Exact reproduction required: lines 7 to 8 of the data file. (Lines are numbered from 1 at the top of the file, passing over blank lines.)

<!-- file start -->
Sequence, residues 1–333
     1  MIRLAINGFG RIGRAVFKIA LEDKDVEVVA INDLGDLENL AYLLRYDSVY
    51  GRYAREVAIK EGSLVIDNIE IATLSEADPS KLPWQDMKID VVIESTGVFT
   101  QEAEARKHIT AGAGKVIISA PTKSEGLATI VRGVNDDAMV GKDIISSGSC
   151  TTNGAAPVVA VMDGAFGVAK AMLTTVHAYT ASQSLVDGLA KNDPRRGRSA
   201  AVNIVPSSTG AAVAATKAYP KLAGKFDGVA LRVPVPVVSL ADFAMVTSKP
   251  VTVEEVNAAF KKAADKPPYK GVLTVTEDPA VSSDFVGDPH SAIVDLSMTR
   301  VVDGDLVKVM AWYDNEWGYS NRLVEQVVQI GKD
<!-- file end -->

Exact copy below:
   251  VTVEEVNAAF KKAADKPPYK GVLTVTEDPA VSSDFVGDPH SAIVDLSMTR
   301  VVDGDLVKVM AWYDNEWGYS NRLVEQVVQI GKD